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On a Mission: No. 9 in the Dead Feminists series
Edition size: 175
Poster size: 10 x 18 inches
Printed on an antique Vandercook Universal One press, on archival, 100% rag paper. Each piece is signed by both artists.
As a young Tejana teacher, Adina Emilia De Zavala (1861 – 1955) shared her love of Texas history and legends in her classroom, and spent time outside of school soliciting building supplies to repair San Antonio’s missions. In honor of her Mexican grandfather, the Republic’s first Vice President, she founded the Daughters of the Republic of Texas (DRT) in order to preserve the Mission San Antonio de Valero. The compound was built in 1718 by the Spanish to evangelize local Native Americans, then later—as the Alamo—housed the Mexican Army. De Zavala was especially focused on restoring the long barracks, which she believed was the site of the 1836 Battle of the Alamo. In 1905, days before the Alamo lease would expire and rumors spread of imminent conversion to a hotel, De Zavala locked herself in the rat-infested structure without food, demanding that the entire compound be preserved. “If people—especially children—can actually see the door through which some noble man or woman passed,” she said, “they’ll be impressed; they’ll remember.” After three days, De Zavala was released as the Governor took possession, then returned control to the DRT. Thanks to De Zavala’s persistence and the DRT’s ongoing stewardship, the legendary Alamo is preserved as a museum and National Historic Landmark, open to all people.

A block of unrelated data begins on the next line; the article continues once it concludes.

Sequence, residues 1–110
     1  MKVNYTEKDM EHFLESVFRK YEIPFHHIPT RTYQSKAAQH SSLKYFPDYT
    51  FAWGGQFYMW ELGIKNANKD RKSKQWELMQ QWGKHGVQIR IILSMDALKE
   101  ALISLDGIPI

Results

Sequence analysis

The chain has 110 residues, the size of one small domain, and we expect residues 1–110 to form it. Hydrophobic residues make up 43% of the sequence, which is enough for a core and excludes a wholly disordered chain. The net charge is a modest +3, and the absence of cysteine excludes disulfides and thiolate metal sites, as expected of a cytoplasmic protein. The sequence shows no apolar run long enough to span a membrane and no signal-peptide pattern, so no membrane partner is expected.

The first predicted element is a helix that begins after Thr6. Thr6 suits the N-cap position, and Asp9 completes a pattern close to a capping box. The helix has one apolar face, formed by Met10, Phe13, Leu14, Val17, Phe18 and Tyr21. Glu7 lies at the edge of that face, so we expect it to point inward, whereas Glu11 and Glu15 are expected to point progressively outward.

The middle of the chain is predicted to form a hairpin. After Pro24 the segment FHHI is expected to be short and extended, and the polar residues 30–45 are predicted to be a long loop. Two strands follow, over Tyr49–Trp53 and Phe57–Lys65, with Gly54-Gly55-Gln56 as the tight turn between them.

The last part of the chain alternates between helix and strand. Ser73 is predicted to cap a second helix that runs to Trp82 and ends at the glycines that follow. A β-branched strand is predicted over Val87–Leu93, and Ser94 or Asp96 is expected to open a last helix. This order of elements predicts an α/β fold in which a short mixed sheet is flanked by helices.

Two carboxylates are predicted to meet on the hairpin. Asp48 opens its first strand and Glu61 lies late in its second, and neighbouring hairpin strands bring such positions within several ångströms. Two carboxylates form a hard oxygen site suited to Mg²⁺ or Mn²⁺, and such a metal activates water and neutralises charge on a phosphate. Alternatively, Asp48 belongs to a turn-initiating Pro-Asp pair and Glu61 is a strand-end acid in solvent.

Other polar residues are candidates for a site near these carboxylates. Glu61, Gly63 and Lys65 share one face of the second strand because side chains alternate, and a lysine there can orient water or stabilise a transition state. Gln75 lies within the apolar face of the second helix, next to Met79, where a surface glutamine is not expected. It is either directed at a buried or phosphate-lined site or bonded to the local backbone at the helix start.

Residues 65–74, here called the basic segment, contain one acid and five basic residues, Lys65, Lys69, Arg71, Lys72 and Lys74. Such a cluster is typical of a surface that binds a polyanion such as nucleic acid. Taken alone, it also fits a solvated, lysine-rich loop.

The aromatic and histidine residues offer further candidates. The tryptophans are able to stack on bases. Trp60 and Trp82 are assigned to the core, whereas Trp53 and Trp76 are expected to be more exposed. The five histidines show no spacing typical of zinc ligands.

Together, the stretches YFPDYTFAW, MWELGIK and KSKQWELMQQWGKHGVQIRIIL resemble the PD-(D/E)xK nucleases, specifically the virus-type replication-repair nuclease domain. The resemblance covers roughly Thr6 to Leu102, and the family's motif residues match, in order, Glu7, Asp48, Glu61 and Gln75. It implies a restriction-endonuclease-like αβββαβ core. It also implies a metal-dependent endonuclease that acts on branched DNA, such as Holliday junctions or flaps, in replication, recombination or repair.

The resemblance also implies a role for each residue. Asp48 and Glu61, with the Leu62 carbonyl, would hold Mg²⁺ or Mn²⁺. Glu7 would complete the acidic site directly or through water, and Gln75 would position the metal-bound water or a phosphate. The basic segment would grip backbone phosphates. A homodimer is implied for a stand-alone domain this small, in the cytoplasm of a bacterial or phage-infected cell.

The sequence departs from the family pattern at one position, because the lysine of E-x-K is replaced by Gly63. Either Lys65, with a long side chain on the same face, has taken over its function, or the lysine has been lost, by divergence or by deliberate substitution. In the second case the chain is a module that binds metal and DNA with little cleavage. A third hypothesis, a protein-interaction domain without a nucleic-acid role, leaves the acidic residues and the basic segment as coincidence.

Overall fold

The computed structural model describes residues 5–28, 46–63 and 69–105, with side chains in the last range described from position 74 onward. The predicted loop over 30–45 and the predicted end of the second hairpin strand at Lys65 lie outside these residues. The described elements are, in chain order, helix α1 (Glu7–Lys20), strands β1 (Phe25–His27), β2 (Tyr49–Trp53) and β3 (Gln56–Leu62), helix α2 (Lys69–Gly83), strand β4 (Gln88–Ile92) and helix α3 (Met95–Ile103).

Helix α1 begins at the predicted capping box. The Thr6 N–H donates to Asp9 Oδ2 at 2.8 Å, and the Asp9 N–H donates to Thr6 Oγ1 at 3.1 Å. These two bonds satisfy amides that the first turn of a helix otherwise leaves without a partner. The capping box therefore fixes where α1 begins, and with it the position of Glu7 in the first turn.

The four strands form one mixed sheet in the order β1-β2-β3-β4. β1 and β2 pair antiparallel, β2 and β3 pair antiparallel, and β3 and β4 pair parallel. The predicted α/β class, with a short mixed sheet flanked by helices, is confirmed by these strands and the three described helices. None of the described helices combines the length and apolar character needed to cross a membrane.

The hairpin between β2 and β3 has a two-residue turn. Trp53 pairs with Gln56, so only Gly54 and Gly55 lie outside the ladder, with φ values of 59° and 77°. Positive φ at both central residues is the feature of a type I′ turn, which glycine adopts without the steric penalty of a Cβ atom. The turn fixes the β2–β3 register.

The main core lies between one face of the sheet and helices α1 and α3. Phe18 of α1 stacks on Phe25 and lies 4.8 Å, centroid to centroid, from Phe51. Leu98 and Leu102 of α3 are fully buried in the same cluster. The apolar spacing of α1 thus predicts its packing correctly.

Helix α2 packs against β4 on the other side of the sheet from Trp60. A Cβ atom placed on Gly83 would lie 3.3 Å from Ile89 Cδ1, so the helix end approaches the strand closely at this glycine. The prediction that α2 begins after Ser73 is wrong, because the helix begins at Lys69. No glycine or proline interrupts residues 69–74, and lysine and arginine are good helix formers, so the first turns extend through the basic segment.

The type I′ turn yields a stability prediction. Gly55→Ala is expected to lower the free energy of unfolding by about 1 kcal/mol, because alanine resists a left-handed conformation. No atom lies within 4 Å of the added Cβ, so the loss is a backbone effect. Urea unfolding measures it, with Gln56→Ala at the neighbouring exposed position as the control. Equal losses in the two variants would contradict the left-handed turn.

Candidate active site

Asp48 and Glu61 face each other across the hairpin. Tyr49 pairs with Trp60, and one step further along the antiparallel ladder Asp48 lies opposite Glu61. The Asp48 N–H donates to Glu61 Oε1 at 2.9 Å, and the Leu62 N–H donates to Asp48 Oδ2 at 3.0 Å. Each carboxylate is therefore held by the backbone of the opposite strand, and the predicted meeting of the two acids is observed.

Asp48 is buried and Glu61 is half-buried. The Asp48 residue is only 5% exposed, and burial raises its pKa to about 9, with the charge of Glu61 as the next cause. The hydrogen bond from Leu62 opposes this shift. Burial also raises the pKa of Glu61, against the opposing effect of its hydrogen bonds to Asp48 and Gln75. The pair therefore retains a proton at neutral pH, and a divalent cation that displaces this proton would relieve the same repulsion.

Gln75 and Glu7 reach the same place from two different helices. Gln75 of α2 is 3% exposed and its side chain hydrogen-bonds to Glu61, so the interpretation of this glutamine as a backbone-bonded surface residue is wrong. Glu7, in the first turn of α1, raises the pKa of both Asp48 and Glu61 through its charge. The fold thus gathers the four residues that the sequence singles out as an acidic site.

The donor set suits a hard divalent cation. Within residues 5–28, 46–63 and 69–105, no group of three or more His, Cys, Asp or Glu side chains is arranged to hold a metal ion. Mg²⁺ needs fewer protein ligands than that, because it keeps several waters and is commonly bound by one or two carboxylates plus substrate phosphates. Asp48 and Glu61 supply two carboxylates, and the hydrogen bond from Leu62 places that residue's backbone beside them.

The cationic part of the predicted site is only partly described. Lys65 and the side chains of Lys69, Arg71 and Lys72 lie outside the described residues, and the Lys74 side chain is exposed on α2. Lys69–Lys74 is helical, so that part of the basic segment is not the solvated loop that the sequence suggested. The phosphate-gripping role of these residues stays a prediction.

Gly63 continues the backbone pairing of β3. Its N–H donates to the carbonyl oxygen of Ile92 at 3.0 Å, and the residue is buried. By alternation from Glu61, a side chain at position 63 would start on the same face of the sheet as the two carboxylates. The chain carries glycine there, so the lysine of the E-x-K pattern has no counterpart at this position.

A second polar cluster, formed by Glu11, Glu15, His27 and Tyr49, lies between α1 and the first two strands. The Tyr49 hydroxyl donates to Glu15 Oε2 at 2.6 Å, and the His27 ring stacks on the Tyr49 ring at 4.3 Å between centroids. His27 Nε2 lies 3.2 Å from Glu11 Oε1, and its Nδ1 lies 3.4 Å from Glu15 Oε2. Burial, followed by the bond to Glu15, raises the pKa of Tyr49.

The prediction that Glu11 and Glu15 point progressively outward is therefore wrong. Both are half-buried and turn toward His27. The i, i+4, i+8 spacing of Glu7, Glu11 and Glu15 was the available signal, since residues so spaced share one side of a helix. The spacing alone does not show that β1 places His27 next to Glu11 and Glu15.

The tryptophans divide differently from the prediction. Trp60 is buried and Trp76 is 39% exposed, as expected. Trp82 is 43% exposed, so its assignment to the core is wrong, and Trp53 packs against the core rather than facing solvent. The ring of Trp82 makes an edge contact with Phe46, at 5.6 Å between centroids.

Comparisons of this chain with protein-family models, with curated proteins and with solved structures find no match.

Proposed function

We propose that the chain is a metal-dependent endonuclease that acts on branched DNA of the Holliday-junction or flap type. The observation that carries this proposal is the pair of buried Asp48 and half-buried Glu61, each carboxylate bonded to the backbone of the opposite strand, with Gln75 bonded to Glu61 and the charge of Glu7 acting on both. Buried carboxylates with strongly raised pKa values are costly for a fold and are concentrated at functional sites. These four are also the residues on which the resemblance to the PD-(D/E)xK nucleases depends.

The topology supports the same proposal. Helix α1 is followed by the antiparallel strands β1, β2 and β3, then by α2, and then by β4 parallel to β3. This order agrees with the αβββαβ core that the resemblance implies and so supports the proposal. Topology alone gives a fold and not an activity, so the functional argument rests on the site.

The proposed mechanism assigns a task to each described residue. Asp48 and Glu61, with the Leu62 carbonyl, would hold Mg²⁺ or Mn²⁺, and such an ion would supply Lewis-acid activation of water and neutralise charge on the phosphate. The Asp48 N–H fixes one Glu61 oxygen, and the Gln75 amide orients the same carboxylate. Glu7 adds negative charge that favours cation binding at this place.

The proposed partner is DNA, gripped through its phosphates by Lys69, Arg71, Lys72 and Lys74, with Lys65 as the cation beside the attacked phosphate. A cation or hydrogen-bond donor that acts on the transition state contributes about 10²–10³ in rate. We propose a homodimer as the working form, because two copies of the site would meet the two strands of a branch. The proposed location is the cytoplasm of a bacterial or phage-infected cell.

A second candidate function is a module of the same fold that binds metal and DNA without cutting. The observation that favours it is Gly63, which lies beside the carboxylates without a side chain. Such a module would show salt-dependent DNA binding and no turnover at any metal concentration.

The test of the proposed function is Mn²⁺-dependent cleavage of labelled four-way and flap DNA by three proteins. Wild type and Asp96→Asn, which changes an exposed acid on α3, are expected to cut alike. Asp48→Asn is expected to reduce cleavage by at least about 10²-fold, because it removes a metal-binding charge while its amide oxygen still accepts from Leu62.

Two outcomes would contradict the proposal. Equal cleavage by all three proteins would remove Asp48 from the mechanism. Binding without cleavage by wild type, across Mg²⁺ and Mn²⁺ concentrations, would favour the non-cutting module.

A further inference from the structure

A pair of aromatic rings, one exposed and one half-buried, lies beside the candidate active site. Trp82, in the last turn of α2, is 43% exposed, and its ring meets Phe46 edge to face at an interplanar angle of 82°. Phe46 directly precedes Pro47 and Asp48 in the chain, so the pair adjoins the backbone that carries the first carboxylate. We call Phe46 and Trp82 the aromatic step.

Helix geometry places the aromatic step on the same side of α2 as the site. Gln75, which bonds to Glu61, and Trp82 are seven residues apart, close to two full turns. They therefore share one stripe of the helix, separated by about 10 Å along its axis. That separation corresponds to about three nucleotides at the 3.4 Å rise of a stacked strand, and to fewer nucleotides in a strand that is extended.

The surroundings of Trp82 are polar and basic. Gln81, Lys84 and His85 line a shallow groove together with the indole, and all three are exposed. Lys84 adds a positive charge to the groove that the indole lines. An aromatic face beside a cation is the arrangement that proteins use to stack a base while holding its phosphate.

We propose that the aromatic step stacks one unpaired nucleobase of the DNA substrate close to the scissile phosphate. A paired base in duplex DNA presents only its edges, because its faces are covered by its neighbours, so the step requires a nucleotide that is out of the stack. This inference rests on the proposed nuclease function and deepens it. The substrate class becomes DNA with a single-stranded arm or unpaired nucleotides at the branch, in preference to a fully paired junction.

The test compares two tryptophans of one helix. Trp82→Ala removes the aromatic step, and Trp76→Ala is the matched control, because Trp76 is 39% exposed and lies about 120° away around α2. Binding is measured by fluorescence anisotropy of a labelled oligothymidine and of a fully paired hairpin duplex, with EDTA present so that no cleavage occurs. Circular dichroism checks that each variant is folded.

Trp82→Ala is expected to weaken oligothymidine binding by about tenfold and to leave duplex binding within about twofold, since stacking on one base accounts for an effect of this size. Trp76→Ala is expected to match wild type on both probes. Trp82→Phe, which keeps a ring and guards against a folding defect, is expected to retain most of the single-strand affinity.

Illustrated by Chandler O’Leary and printed by Jessica Spring, as thorny issues arise and tear at our shared history and heritage: a multicultural miracle that demands tolerance even in the most trying times. 175 copies were printed by hand, with heart, at Springtide Press in Tacoma. August 2010
UPDATE: poster is sold out. Reproduction postcards available in the shop!